13. 13. CIC-Ontario: Settlement and IntegrationJoint Projects: CIC and MCI continue to work together on Bridge Training, which helps skilled immigrants enter the Canadian labour market and find employment that matches their education and skills Orientation to Ontario (O2O): an orientation program designed to ease the settlement transition of newcomers by providing them with access to standardized information about settling in Ontario and connecting them to settlement and other community services shortly after arrival. Local Immigration Partnerships (LIPS) are a successful mechanism to engage a range of local stakeholders: o LIPs are consolidated in Ontario and new partnerships are being created in communities across Canada. o A national performance measurement framework for the initiative has been recently developed to standardize data collection and measure the aggregate impact of LIPs on settlement and newcomers outcomes. The Municipal Immigration Committee (MIC) provides a tripartite forum for federal and provincial governments and the Association of Municipalities of Ontario members to enhance coordination and integration of policies, programs and initiatives related to immigration 13
  14. 14. CIC-Ontario: Settlement and IntegrationJoint Projects cont. Coordinated Language Assessment and Referral System (CLARS), which offers “one- stop” language assessment: o currently being piloted in several communities, and pilot results (expected in spring 2013) will be considered before moving ahead with province-wide implementation Portfolio-Based Language Assessment (PBLA)- CIC and MCI conducted a joint pilot of the protocol in Ottawa. Results were very positive and teachers from both programs continue to work collaboratively to perfect the approach. CIC has since expanded the pilot to other provinces, and hopes to make PBLA a standard feature of LINC programs in Ontario over the next 2-3 years Next step: Adapt the PBLA teacher training and student resources for use in French language training programs 14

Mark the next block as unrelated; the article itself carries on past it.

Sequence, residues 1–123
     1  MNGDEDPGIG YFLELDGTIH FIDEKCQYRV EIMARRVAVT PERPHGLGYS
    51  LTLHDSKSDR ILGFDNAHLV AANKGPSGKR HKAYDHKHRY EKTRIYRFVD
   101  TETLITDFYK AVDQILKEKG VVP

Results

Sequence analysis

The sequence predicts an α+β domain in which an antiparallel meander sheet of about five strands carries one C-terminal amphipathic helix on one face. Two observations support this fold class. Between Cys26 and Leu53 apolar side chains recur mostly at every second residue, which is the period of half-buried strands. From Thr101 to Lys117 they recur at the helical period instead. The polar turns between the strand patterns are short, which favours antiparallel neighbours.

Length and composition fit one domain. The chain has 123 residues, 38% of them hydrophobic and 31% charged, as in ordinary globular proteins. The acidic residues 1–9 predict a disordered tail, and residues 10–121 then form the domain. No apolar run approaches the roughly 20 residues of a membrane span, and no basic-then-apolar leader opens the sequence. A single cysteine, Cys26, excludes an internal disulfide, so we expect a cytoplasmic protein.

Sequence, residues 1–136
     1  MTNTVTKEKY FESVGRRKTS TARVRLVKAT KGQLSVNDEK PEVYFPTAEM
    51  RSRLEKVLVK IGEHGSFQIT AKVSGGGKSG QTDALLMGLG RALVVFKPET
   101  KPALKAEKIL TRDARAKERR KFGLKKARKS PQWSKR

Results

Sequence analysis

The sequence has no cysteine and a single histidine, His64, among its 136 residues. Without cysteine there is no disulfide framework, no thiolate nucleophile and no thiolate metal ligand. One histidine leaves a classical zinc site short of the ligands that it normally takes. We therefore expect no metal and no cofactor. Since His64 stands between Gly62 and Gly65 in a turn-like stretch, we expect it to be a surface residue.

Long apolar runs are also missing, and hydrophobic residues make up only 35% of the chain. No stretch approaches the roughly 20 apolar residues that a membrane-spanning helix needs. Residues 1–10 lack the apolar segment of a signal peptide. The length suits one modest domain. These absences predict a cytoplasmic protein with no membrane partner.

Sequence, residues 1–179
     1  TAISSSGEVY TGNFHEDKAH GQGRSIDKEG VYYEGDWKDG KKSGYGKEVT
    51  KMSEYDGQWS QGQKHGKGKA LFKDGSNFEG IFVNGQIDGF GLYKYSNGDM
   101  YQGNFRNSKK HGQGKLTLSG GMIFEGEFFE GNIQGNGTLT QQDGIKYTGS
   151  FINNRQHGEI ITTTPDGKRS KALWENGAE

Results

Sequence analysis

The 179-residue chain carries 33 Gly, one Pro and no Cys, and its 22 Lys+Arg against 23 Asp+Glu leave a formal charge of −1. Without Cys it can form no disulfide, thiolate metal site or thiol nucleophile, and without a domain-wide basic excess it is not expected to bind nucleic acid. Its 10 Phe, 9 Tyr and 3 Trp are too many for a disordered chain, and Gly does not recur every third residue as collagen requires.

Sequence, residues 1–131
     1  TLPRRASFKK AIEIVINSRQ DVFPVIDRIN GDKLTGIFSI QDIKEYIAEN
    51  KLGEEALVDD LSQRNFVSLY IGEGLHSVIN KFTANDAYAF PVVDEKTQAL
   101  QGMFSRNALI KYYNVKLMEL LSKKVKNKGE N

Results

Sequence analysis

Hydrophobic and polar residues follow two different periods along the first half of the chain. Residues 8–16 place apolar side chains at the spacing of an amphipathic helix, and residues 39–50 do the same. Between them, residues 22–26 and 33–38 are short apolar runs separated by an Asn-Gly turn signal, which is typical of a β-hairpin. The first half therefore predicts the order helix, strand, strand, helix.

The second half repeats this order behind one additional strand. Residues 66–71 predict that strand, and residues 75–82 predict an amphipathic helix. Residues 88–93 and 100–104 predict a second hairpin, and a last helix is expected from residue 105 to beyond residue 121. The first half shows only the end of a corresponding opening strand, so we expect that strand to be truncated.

15. 15. CIC- Ontario: Settlement and ImmigrationJoint Projects cont. As part of the Federal Skilled Worker Program requirement for an Education Credential Assessment, CIC is seeking to work collaboratively with MCI and regulatory bodies to better align provincial licensing policies and protocols with federal immigrant selection process. CIC will seek to work with MCI to continue to work jointly on the implementation of the Pan-Canadian Framework for Assessment and Recognition of Foreign Qualifications for priority occupations, including trades. 15
  16. 16. CIC-Ontario: Settlement and ImmigrationSettlement Partnership The Forum of Ministers Responsible for Immigration identified the need for a shared vision for the future of Canada’s immigration system. The FPT Vision Action Plan (VAP), a framework and action plan for intergovernmental collaboration for achieving this vision has been developed As part of the FPT Vision Action Plan, all jurisdictions have agreed to work collaboratively on developing a multilateral framework for a partnership model on settlement. The multilateral framework can inform a future bilateral partnership on settlement between CIC and Ontario.
  17. 17. Thank You 17

×